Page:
Here is a piece written by BILL THORNTON. He sent this me in a letter – as a letter, actually – and I got his permission to post it here for you. He calls it “The Effective Writer” but I want to call it “The Character Plays the Part.” Kate Thornton, author
The Effective Writer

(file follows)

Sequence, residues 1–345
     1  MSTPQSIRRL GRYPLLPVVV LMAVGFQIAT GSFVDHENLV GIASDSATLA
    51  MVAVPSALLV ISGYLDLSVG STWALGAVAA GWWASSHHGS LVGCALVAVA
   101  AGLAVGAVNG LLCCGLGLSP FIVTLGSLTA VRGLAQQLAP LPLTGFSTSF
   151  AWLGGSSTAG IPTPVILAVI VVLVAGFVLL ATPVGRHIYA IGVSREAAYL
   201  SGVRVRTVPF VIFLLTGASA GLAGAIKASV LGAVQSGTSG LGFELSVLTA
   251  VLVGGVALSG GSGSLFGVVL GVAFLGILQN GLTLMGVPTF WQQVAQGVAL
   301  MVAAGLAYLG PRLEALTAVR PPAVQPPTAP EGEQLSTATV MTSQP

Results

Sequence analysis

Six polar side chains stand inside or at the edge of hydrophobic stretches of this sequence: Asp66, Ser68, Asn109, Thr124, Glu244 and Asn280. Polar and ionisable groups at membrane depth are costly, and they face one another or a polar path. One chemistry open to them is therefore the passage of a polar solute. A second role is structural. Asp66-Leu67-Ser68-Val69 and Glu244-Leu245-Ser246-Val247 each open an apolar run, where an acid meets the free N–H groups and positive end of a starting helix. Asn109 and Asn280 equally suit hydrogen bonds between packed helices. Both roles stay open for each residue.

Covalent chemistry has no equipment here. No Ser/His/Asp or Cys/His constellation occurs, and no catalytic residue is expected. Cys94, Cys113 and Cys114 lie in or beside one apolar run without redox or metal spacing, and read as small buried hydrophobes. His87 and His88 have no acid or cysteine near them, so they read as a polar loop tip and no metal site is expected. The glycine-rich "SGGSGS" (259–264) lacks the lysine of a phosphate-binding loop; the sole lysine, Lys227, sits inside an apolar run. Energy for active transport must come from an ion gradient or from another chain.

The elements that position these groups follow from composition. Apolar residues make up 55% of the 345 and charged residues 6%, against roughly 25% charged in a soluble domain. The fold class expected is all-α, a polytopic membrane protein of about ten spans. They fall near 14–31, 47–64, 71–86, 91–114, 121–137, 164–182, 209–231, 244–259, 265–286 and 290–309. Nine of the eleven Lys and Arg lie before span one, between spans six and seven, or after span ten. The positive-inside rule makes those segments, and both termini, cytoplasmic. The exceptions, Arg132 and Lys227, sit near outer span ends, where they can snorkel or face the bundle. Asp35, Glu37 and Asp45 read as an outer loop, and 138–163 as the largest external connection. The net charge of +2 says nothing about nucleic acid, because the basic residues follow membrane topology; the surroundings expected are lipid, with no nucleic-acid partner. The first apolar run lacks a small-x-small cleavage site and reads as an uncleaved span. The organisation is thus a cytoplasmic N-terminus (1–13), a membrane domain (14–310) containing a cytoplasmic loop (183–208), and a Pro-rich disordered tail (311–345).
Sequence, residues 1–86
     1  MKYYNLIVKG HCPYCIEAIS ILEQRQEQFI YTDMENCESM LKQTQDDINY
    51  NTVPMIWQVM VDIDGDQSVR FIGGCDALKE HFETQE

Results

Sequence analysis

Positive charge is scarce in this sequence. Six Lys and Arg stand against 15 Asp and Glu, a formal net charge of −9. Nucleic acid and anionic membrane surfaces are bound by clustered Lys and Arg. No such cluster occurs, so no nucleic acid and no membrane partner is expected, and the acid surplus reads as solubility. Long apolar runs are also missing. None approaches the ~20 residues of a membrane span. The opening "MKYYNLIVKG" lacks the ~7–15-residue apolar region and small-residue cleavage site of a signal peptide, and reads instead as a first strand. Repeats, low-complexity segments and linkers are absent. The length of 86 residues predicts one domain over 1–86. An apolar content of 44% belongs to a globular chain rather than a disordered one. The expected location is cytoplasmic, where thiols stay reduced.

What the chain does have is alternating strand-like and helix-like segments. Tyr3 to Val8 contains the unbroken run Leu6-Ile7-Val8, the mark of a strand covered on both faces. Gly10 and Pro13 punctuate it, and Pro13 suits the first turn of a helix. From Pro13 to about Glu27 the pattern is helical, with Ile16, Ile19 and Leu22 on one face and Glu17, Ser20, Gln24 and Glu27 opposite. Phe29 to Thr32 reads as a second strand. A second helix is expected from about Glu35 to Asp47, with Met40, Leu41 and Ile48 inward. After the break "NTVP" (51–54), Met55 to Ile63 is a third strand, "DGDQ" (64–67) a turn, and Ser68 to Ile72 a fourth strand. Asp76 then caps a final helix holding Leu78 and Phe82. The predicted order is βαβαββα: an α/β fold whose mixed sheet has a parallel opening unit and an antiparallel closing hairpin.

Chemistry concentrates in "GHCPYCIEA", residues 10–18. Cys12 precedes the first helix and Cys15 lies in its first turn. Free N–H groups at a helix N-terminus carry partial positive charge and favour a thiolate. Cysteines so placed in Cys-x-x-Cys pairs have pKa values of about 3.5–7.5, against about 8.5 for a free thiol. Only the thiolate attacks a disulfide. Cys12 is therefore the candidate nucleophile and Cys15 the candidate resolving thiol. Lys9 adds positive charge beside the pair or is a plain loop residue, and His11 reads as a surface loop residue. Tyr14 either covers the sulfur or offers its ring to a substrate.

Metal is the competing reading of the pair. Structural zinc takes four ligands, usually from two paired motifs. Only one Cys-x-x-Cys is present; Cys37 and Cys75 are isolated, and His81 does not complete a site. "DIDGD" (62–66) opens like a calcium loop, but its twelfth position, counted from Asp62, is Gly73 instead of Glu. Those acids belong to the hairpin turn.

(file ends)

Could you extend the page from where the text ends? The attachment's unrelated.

In order to create a believable scene, one must take the reader to that specific place. The reader must sense the scene, its particular environment, its smells, flavors, sounds and colors, its season and atmosphere. Similarly, the reader must feel the raw emotions of the characters, the urgency of the moment, and the emotional or political climate of the particular scene. He must, in a very real sense, live in the scene if not as a player, at least as a present observing bystander. Descriptions of the scene must be rich and vibrant, colorful and dramatic. The characters may even be a bit more than real in their ability to express their particular part in the story line. Given the need for realism, muted, subdued even melancholy effects are critical to tapping into the reader’s emotions. These are real sensations that real people feel and sense, and it’s that sensitivity and realism that make a scene believable. A writer may express deeply committed love, raging anger, explosive happiness, or crushing emotional pain, any number of real human emotions complete with their character’s physical reactions and responses. Anything less is not honest writing, and conveys less than the actual scene. While the writer may have personally known these feelings and sensations, it’s his ability to convey accurately those very awareness’s to the believing reader that makes the scene work. “Dry wiregrass rustled in the early afternoon breeze, buzzing cicadas and the rich scent of cinnamon and fresh peaches drifted over the well worn path to the creek just at the tree line.” Well, what color is the wiregrass? Describe “rustled”. Was it a light breeze, or a near wind? Were the cicadas bussing loudly, or were they a distant background effect? What kind of peaches were they? Was it a dirt path? Did it run through heady scent of lush green freshly mown lawn, or were they long creeping tentacles of aged and unkempt crabgrass? Was the creek silent and melancholy, rich with the pain of the widowed fly fisherman, or brightly babbling and filled with the memories of laughing children? Was that just a tree line, or was it a stand of rustling, quaking aspens, their brilliant trunks contrasting with deep, thick underbrush or heavy clumps of wayward field grasses? Be in the scene to make it believable. The writer need not actually be experiencing the emotions he conveys, though experience is the “real” of realism. It’s often said that the successful writer writes about things he knows. One cannot take the reader to rural Southern Georgia in the 1920’s unless he has been there and walked those well worn paths to the creeks, smelled that peach pie cooling on the window sill on a heavy, humid southern afternoon in the dog days of summer. He may not have actually been at the scene in those literal times, but that’s the stuff of research, and interviews, and imagination combined. Atmosphere is the stuff of creating realism. Raw emotion, drama and contrast are the stuff of the writer’s skills and talent. When a scene is created that conveys these senses, does it leave the reader feeling angry, hurt, elated, melancholy, inspired? These are the meat of the writer’s fare. Listen to his footsteps echo, fading down a long, wet alley amongst towering brick walls rich with the sounds of unnamed apartment dwellers in the bowels of a rotting city, rife with tenements, screaming windows into the lives of those imprisoned in the confines of their own desperation. The stench of leaking sewer lines, greasy Chinese food, and diesel hangs heavy in the late afternoon stillness of a filthy, cracked and weathered doorway, its once bright and vibrant red now grease and dirt colored, thick with years of neglect and apathy. Does the writer take you into his world to bring you into the scene and make you part of it, or are you just reading words on a printed page? The flatness of the print on the flat page is often the stuff of boredom. Living words and emotions are the stuff of writing. Did I give you my anger, or the anger of the character? How different are they? It’s the character that plays the part. An angry scene does not reflect an angry writer. Nor does a happy holiday scene, filled with laughter, reflect a happy writer.